One of the directors new to the Lander Film Festival this year is filmmaker Daljit Kalsi Jr., whose entry titled “Triggered” looks at gun violence.
According to a press release about the film, it offers a look inside the broken home of a crumbling American family, after a gun is found in a teenage girl’s backpack.
In the release, director Kalsi Jr. says the film has “an important message for anyone considering picking up a gun in anger.”
Kalsi Jr., 32, is a journalist with Fox Carolina in Greenville and said he enjoys filmmaking as a hobby.
“School shootings are happening right and left,” he said, noting part of developing his script for “Triggered” was asking the question, “What’s the thought process leading up to something like that happening?”
Part of the rules for Lander’s two-week short film competition is use of a required line of dialogue. The line Kalsi Jr. had to use was “Never here. We agreed, NEVER HERE.” by Paul Zybyszewski, a television writer/producer who has written for “Marvel’s Agents of Shield” “Hawaii Five-O” and “Lost.”
“That just seemed fitting for some type of confrontation about something that is not supposed to be,” Kalsi Jr. said, adding it worked well for his story framework.
“What we were going for in our teenage character is a message that a gun isn’t the right way to go,” Kalsi Jr. said. “I hope people are moved by it.”
No stranger to tackling tough topics, one of Kalsi Jr.’s earlier films, “Bound” — about human trafficking awareness — won best overall at the 2017 Tryon International Film Festival in North Carolina.
“I heard about the Lander two-week film contest from another filmmaker here in Greenville last summer,” Kalsi Jr. said. “It sounded like a little test I’d like to take. I wanted to see what kind of film we could make it two weeks.”
Most challenging, he said, was editing the script and film to the required competition length.
“We had a four-page script,” Kalsi Jr. said. “When we shot that and edited it as scripted, it was seven and a half minutes. I didn’t want to change anything, but shaving off two and a half minutes that I wanted in there was difficult.”
This is Lander’s 9th Annual Film Festival. Filmmakers of all ages and experience levels have entered.
They are competing for top honors in three divisions: open, college and young filmmakers (for entrants who are in high school or younger.)
Each participant is assigned a specific line of dialogue, written by a big-name Hollywood writer or director. Entrants have had two weeks to write, shoot and edit short films that use the lines they have been assigned.
Submitted films are to be between three and five minutes long, including credits.
Awards and screenings of competition entries are at 6:30 p.m. April 14 in Lander University’s Josephine B. Abney Cultural Center Auditorium. Admission is $5 for students and $10 general admission.
Also scheduled during the day of the festival:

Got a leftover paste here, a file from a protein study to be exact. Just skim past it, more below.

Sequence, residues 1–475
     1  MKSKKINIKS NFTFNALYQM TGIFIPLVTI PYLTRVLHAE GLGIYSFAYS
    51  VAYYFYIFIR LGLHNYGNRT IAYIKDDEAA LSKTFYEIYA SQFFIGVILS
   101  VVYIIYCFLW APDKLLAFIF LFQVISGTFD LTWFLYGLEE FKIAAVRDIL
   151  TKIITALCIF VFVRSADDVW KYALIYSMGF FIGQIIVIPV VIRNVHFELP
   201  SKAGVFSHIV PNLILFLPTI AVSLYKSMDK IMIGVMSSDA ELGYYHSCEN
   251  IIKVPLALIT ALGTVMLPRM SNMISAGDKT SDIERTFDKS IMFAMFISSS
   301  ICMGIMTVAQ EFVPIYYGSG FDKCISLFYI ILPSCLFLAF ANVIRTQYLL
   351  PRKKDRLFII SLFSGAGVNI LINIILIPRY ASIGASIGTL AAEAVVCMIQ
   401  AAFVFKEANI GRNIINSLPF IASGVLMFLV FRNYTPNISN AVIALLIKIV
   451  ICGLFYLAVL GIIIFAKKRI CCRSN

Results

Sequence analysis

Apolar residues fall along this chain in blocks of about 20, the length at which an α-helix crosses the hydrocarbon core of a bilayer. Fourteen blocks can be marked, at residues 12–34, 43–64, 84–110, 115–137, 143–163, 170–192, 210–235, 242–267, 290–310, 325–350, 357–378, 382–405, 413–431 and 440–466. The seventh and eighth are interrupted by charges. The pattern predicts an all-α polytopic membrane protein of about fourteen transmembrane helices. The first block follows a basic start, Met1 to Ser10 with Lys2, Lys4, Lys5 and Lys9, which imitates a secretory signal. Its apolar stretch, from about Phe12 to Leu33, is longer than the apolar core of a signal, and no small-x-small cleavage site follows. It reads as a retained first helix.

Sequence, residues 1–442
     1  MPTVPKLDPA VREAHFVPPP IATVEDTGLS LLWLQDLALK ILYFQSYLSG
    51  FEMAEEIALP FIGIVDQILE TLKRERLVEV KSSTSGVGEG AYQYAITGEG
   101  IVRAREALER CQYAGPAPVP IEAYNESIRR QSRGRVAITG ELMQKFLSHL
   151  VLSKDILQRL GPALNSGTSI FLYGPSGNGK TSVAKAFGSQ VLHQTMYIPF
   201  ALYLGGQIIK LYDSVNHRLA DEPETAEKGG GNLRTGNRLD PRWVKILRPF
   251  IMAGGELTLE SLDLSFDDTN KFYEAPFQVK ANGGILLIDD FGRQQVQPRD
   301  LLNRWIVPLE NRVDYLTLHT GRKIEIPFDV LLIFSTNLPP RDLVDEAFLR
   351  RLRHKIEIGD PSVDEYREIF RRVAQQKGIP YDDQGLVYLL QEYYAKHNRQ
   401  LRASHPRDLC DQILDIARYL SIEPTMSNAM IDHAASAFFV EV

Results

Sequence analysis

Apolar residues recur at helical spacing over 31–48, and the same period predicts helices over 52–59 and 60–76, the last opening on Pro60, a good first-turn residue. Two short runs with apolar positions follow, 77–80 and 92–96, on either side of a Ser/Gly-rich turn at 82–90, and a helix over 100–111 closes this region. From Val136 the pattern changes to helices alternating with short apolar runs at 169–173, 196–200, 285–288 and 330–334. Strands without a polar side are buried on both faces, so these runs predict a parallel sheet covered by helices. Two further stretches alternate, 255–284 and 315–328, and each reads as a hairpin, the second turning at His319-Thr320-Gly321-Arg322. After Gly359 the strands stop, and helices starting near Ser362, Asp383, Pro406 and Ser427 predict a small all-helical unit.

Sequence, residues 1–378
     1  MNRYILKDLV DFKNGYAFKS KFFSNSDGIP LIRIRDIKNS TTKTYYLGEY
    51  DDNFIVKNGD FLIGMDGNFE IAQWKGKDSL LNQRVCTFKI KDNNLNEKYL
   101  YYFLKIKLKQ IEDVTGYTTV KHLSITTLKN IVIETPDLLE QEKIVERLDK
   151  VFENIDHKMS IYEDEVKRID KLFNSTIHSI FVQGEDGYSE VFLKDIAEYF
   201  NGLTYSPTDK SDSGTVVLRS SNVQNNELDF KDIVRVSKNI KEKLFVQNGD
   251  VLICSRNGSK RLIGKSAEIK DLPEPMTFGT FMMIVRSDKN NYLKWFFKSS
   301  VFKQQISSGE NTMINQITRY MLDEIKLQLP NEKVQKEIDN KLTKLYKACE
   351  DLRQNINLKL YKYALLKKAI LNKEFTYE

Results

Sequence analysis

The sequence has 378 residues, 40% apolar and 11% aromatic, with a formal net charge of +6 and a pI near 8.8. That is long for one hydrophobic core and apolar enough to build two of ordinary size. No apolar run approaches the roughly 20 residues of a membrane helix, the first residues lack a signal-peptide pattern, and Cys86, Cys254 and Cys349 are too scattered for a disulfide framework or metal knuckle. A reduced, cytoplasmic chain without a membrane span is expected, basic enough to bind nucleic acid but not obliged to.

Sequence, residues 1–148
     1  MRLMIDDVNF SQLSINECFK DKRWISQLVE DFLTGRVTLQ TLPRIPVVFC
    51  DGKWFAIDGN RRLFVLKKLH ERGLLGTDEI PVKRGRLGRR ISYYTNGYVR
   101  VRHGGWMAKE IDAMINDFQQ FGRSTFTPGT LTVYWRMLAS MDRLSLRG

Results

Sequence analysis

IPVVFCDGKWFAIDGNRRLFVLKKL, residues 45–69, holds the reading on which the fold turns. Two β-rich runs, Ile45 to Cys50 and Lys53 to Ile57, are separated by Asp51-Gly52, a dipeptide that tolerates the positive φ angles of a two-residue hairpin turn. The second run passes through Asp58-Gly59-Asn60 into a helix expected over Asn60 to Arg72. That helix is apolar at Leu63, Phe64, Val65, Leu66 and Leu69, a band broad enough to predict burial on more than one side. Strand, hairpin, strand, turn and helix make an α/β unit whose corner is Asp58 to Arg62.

– Screening of the 1945 film, “Leave Her to Heaven” at 10 a.m. April 14 in Carnell Learning Center room 200, with Lander professor Misty Jameson. Free admission, open to the public.
_ 2 p.m. with Matthew Lipton, a producer/lighting director, April 14 in Carnell Learning Center room 200. Lipton has worked in feature films, television and national commercial advertising campaigns. From Hollywood, California, Lipton now lives in Charleston. Note: this is a recent change to the afternoon schedule. Craig Titley is unable to be here due to changes in season finale shooting dates for Marvel’s Agents of Shield.
Additionally, like last year, the 33 films in this year’s competition will be shown after the festival, at dusk, April 17, at the 25 Auto Drive In Theater. Free admission. Concessions will be available.
Paul Crutcher, Lander broadcast and emerging media specialist, said it’s fun for writers, directors, film crews and friends to be able to watch their movies on a big screen, both during awards night and at the Greenwood drive-in theater.
“It takes a lot of work to get films done in two weeks,” Crutcher said. “Word is getting out about Lander’s film festival. Since we started this, we have had upwards of 125 films.”
This year, there are 25 first-time directors with entries.
Crutcher said filmmaking communities throughout South Carolina and parts of North Carolina are well-represented, along with other parts of the country.
“The open division is very competitive,” Crutcher said. “I’m glad I’m not a judge. Everybody is bringing skill to the table.”
Crutcher said the young filmmaker and college divisions are competitive, with a death scene in one youth entry that is “one for the ages” after a character eats a poisoned doughnut.
“It is laugh-out-loud very funny,” Crutcher added.
Crutcher said this is Lander’s “version of the Academy Awards.”
There’s even an entry by one of Lander’s athletic directors, highlighting Bearcat sports and a Lander art class has entered a film.
“This festival has also been a good student recruiting tool for Lander,” Crutcher said. “It’s a great way to build a partnership with students who have a leaning toward this type of work.”
Crutcher said classic film screenings during the festival have introduced him and others to a variety works.
“The one this year is one of the first Technicolor movies and you really see how they used color,” Crutcher said.
For the workshop with Craig Titley, Crutcher said attendees will learn about Titley’s writing process and how that translates to episodes he’s written for Marvel Agents of Shield.
“We think we will have a full house for that,” Crutcher said. “Get here early.”